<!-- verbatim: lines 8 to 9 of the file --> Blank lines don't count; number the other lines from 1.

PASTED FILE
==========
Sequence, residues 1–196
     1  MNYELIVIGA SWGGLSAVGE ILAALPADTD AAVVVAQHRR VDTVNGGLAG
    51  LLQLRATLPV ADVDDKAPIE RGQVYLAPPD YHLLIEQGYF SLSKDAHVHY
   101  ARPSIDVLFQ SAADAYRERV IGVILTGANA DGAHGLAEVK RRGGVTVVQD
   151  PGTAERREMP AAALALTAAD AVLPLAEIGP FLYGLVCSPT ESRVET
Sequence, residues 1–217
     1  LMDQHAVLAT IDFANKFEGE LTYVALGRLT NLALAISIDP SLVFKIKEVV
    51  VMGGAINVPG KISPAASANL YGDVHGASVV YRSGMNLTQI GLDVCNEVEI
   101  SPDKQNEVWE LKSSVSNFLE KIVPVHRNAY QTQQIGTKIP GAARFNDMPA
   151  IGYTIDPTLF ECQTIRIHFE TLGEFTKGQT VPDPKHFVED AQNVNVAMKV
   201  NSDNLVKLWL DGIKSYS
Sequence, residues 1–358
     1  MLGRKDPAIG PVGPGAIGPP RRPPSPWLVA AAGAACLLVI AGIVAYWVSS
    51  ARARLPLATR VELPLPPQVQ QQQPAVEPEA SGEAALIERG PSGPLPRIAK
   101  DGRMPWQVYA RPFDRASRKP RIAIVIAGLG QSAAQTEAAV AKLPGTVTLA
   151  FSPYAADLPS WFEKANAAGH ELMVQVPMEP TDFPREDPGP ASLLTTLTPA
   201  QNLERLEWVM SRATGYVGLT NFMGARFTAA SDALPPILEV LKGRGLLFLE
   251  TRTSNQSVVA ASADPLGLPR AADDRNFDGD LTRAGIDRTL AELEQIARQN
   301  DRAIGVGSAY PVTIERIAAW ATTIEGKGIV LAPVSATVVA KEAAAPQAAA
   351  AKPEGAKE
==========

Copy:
    51  VMGGAINVPG KISPAASANL YGDVHGASVV YRSGMNLTQI GLDVCNEVEI
   101  SPDKQNEVWE LKSSVSNFLE KIVPVHRNAY QTQQIGTKIP GAARFNDMPA